Newcomb Industrial Arts
When the H. Sophie Newcomb Memorial College opened in 1886, the art faculty consisted of Gertrude Roberts and brothers William and Ellsworth Woodward. The art curriculum included Mechanical and Architectural Drawing as well as design, color ornamentation, and woodcarving.
By 1887, Ellsworth Woodward had become the director of the Newcomb Art School. Six years later, he proposed to then Newcomb College president Brandt V. B. Dixon the founding of a model industry that would “exhibit an object lesson as to the possibilities underlying native raw materials when trained talent takes it in hand and stamps it for beauty and use.” Woodward’s goal of providing young women the chance to learn by doing had the impulse of bringing together arts, crafts, and manufacturing, as well as transforming the students into skilled creators.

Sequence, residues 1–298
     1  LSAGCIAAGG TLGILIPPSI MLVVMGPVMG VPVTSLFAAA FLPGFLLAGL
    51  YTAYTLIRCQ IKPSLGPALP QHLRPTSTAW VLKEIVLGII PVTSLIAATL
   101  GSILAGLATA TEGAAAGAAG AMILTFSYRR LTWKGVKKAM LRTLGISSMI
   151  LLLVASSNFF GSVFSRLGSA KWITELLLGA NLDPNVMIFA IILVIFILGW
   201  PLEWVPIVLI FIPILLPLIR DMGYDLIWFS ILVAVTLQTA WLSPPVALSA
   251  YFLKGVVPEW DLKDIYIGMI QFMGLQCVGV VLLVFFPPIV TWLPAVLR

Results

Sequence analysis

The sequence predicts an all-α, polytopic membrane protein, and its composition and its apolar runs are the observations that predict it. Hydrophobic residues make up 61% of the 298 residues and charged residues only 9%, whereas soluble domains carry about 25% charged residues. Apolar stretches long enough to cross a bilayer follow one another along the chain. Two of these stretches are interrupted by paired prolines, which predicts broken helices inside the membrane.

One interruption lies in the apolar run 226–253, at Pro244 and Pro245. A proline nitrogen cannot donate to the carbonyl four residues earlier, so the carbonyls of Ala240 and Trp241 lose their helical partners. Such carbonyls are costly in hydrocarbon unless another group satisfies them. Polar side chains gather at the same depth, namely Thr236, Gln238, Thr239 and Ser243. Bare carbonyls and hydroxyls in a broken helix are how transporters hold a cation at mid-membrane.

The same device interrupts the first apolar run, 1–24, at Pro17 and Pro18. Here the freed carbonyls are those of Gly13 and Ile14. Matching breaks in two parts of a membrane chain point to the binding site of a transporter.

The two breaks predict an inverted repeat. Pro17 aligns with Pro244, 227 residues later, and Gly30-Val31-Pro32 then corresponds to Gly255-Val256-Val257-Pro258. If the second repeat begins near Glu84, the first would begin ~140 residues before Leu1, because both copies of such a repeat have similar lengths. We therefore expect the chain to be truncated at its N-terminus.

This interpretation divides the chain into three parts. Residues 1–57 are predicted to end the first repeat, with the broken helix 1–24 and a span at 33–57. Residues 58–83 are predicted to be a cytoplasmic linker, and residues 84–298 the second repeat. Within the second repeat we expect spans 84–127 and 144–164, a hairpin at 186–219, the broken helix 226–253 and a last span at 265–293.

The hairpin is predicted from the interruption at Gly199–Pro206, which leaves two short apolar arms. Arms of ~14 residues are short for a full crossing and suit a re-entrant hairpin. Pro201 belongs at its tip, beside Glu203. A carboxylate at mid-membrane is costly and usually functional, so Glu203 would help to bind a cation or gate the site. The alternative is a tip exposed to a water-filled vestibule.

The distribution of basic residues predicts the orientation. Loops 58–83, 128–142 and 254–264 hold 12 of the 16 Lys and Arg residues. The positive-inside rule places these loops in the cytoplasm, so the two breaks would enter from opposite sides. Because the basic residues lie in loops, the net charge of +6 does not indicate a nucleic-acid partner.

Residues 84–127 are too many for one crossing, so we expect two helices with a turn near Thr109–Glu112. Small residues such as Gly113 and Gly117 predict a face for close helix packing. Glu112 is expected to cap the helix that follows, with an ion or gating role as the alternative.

An important craft developed in the curriculum included bookbinding, introduced in 1913 under the supervision of Lota Lee Troy. Building on content from earlier leatherwork and portfolio binding classes, bookbinding was taught using techniques dating to the Renaissance. Troy, who specialized in tooled leather covers and hand-made end papers, became director of the Newcomb Art Department in 1931 following Ellsworth’s retirement. She served in the position until 1940.